Immunotherapy is different from chemotherapy.
Immunotherapy is a type of cancer treatment. It can boost or change how the immune system fights cancer cells. There are different types of immunotherapy. The most common type is checkpoint inhibitors.
Checkpoints are proteins that stop the immune system from killing cancer cells. Checkpoint inhibitor are drugs that block these proteins. This allows the immune system to attack and kill the cancer cells. *
How does immunotherapy work?
Immunotherapy drugs boost the body's T-cells, a type of white blood cell. T-cells fight diseases, infections, and viruses. They can kill cancer cells.
- improve your symptoms
- delay or prevent new symptoms
- help you live longer.
Immunotherapy does not harm healthy cells. Chemotherapy drugs will often damage or kill healthy cells.
It can take many treatments before your doctor can tell if immunotherapy is working. Your cancer may get worse before it gets better. The length of your treatment depends on your type of cancer and the side effects you may have. You continue treatment as long as it is helping and you can handle any side effects.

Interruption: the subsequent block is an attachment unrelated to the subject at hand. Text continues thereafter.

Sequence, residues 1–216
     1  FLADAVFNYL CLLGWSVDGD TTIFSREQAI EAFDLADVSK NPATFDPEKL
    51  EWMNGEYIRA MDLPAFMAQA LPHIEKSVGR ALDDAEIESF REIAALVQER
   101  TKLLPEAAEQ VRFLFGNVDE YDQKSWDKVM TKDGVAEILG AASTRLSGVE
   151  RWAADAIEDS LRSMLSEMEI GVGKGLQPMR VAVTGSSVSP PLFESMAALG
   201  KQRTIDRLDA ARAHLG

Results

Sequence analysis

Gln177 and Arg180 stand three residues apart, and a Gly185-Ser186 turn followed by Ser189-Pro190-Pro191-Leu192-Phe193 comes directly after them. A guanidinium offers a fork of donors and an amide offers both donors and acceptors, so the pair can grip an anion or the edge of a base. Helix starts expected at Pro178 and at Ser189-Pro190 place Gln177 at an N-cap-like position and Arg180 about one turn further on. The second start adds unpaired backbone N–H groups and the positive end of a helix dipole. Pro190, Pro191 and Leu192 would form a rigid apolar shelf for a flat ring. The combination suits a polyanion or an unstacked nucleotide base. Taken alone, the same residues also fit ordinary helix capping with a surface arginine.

* Canadian Cancer Society, n.d. Glossary – Checkpoint Inhibitor: https://cancer.ca/en/cancer-information/resources/glossary/c/checkpoint-inhibitor-glossary
If you have any questions about preparing for your treatment, please talk to your health care team.
Preventing pregnancy during treatment
Immunotherapy may cause damage to a fetus (unborn baby) or sperm. If you or your partner can become pregnant, it is important to use effective birth control when having vaginal sex, during and sometimes after treatments end. Some hormonal birth control (such as the birth control pill, patch or injection) may not work during this treatment.
Talk to your health care team about which birth control is best for you and your partner.
The length of time you need to use birth control after treatment ends depends on the drug you get. Tell your doctor or health care team right away if you or your partner becomes pregnant.
For more about preventing pregnancy during cancer treatment: *link to Preventing Pregnancy during Cancer Treatment handout here.